AZDHS amends COVID-19 school benchmarks - AZEdNews
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AZDHS amends COVID-19 school benchmarks

A Teacher Instructs One Group Of Her Students During Hybrid Or Modified In-person Instruction At Mesa Unified School District. Photo Courtesy Mesa Unified School District

Click here for updates 11/1 and moving forward

Updated 10/30: The Arizona Department of Health Services has updated its guidance to schools so that they may return to distance learning from hybrid or in-person instruction if just one of the key metrics is in the red or substantial category.

Arizona School Boards Association said it greatly appreciates the conversation and dialogue with partners at the state level, and especially the advocacy and concerns shared by all school board members, school leaders and education advocates during this time.

School leaders should continue to follow the plans carefully crafted by your district that you believe are the safest for your students and staff, ASBA said.

Arizona Superintendent of Public Instruction Kathy Hoffman said a communication breakdown between the Arizona Department of Health Services and the Arizona Department of Education “left the public confused and uninformed.”

“Yesterday, the Department of Health Services made clarifications to help clear this up. The important part is that these benchmarks provide schools with data-driven metrics, while schools maintain the ultimate authority to make decisions that are best for their communities,” Hoffman and Dr. Cara Christ, director of AZDHS said in a joint statement released today.

“Our goal is to move forward, together. It’s important for Arizona kids and families, and we look forward to continued collaboration during this pandemic and beyond.”

Updated 10/28: The Arizona Department of Health Services changed COVID-19 guidance for schools last week as cases substantially increased in the state, but few education advocates said they heard of the changes until this week.

On Wednesday afternoon, Arizona School Boards Association and Arizona School Administrators said in a statement, “This change was made without, to our knowledge, a concerted effort to communicate the reasoning for the change, or to understand the potential impact this change would have on district planning for the remainder of the year.”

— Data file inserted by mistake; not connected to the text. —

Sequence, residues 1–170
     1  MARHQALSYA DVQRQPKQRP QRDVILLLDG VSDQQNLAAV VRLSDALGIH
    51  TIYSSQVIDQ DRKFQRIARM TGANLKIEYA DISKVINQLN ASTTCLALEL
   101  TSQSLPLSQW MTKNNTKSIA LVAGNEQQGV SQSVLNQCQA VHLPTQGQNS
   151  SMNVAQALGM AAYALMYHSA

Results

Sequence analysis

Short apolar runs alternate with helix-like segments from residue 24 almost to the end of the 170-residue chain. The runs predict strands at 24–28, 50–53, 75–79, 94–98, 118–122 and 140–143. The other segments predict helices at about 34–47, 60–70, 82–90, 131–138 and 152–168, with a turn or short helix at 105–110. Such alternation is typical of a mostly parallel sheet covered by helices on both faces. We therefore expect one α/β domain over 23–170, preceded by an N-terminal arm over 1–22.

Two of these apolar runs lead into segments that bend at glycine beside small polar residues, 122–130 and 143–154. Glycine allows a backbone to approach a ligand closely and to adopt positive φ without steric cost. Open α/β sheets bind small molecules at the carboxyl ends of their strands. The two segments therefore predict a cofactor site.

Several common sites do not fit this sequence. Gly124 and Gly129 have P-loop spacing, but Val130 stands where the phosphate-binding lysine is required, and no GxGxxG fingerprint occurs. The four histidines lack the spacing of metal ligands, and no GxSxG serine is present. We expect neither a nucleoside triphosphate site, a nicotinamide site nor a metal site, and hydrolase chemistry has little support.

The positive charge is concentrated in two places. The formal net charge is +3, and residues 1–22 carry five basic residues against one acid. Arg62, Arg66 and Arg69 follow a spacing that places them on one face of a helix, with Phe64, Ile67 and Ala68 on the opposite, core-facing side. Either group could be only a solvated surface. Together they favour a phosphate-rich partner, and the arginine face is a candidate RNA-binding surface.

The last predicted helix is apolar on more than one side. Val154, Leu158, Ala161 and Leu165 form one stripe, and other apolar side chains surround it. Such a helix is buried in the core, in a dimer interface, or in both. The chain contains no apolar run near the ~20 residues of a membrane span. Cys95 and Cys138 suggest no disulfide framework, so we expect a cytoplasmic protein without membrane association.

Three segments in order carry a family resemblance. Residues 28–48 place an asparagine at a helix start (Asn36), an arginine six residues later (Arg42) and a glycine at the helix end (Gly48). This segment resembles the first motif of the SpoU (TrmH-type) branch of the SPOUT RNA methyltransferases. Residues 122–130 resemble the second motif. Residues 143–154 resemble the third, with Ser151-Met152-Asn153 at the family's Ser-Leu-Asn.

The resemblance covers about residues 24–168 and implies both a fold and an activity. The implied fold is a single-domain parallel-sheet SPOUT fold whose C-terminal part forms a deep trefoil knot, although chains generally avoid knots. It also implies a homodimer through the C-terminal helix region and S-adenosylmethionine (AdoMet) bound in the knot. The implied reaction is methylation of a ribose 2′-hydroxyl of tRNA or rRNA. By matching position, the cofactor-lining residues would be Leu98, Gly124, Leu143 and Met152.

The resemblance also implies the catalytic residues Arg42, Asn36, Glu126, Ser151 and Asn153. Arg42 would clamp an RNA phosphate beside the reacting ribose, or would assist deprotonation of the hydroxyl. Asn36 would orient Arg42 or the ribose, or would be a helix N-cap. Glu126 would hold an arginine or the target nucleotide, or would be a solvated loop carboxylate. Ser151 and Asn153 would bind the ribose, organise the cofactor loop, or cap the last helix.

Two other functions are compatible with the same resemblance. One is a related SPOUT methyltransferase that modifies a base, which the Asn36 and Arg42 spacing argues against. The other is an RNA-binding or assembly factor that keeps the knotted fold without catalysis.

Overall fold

Arizona School Administrators (ASA) is a professional organization representing 200+ districts across the state, and the Arizona School Boards Association (ASBA) is a voluntary membership organization composed of every school district in Arizona.

Both ASA and ASBA advocated for statewide benchmarks to guide school districts in determining the appropriate and safe learning environment for students and staff and applauded state leaders when these were released earlier this year. However, neither ASA or ASBA were included in discussions on the recent decision by AZDHS to change these recommendations regarding transitioning from hybrid to virtual instruction.

Previously, AZDHS recommended schools move from in-person or hybrid learning to remote or online learning if just one benchmark moved into the substantial spread or red category for two weeks in their Safely Returning to In-Person Instruction.

Now, AZDHS says school districts should move from hybrid or in-person learning to remote or online learning if all three of the benchmarks – cases, percent positivity and COVID-like illness, are in the red or substantial spread stage for two weeks.

AZDHS amends COVID-19 school benchmarks Updated-COVID-19-School-Benchmarks

That means schools could provide hybrid and in-person learning for a longer amount of time while COVID-19 cases increase in the community.

The change is “misguided” because school leaders decisions may now rely on a “flimsy” indicator that hospitals don’t have to report – Covid-like illness, said Will Humble, executive director of the Arizona Public Health Association to The Arizona Republic.

AZDHS says their recommendations provide guidance for school districts, but school district leadership has the final say in decisions on what type of instruction they choose to offer their students and families whether they’re community is in minimal, moderate or substantial categories.

These recommendations may place more stress on school district leadership and school district governing boards on when to move from online to in-person learning and back depending on what’s going on in their schools and their communities.

AZDHS Dr. Cara Christ said in a blog today that the changes were made to align the school recommendations in better alignment with the business recommendations on their dashboard, and made in response to concerns from partners in the Schools Reopening Workgroup about how a move back to virtual learning based on one benchmark would affect schools in smaller rural counties where a handful of cases could shift the percent positivity rate into the substantial category quickly.

On Oct. 16, the AZDHS informed the Schools Reopening Workgroup about the implementation of the revised guidance starting Oct. 22, and last week, posted the changes on its Schools webpage.

ASBA is not part of that workgroup.

“Arizona’s School districts made their plans for this school year based on guidance released by the Arizona Department of Health Services (DHS) in the summer,” ASA and ASBA said in a statement in response to the school benchmark changes.